In addition to 1,400MW of energy storage the utility has now contracted in its service area to commission and connect by the end of 2023, there are also “hundreds to thousands” of new behind-the-meter (BTM) customer-sited systems being connected to PG&E’s grid each month, with 19,000 systems totalling more than 230MW of capacity already connected, mostly residential. PG&E said the California Self-Generation Incentive Programme (SGIP), which supports energy storage deployments as well as solar and other eligible technologies with cash rebates for customers, has helped this along.

How PG&E surpassed its required contracting of 580MW of energy storage through the AB2514 mandate. Image: California PUC.

Wildfires, heatwaves, blackouts, natural gas and nuclear retirements all raise questions for California

SGIP also has a carve-out for customers concerned about the resilience of their power supply from the grid — which is a particularly pertinent concern in PG&E’s service area. Some of California’s wildfires, which devastated the region, were caused by ageing or faulty transmission equipment in at-risk regions of the state, including in PG&E’s service area.

Not only does that mean PG&E’s 10k filing to the SEC contains a lengthy passage of disclaimers due to the ongoing risks of wildfire liability, but the utility has also famously enacted public safety power shutoffs (PSPS), cutting off electricity to many at-risk regions for indeterminate periods of time, affecting many of its customers for days, weeks or even months at a time.

Many industry sources including energy storage vendors have commented to that this has lead to increased customer interest in battery storage paired with solar to gain a degree of independence from the utility in these instances, as well as spurring a general uptick in demand for batteries as a resilience asset.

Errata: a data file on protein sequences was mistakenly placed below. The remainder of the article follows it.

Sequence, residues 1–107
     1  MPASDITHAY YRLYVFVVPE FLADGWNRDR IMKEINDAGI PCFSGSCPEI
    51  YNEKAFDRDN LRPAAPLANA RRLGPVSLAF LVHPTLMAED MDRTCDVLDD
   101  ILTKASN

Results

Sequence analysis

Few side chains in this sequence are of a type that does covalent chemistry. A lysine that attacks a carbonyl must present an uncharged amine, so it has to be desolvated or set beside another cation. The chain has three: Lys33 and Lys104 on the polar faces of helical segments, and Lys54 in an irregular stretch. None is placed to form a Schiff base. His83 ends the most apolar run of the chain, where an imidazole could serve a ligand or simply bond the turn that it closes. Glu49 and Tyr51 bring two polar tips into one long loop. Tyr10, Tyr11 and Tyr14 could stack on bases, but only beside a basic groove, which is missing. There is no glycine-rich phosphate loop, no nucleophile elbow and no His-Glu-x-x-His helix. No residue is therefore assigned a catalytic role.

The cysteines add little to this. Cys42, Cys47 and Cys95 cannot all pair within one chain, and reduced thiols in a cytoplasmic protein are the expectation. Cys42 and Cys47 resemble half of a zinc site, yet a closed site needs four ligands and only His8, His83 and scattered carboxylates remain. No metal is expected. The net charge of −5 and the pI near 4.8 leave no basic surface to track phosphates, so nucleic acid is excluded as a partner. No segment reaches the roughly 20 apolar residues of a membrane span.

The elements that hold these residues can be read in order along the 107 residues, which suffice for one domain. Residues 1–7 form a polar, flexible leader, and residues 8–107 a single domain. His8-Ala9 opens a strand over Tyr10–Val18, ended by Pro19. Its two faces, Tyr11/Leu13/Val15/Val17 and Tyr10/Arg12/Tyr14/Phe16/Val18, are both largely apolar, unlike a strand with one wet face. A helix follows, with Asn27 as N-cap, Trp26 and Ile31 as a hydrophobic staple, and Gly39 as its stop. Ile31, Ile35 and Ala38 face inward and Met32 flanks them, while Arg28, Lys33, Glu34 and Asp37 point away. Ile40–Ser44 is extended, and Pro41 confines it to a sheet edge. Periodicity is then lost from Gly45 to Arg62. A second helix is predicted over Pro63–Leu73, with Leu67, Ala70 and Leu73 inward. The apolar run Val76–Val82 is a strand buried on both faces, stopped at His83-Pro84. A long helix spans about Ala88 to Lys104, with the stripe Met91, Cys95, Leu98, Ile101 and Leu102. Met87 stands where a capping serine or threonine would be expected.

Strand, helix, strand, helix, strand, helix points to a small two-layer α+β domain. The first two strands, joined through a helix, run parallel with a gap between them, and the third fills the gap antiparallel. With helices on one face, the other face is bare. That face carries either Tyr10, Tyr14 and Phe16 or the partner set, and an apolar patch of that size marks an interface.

PG&E is only just leaving behind the shadow of a 2019 Chapter 11 bankruptcy filing largely caused by the wildfires and its liabilities for them, which the utility found financing to emerge in mid-2020. At the grid-scale, PG&E still has ahead of it the challenge to meet reliability and electricity demand when its 2GW Diablo Canyon nuclear power station retires in 2026. However, PG&E said yesterday that it believes it is on course to meet both the 2030 and 2045 renewable energy goals of state legislature.

Meanwhile the state of California itself is wrestling with big-picture questions of maintaining grid reliability in the wake of heatwaves that caused blackouts in August last year and finding resources to mitigate the retirement of Diablo Canyon and the ongoing use of natural gas peaker plants to balance the grid at times of high demand. A number of environmental and climate crisis advocacy groups have told that solutions directly linked to carbon emissions elimination need to be introduced to deal with gas peakers, while energy storage industry groups have suggested that solutions to long-term reliability issues could be found in long-duration energy storage technologies.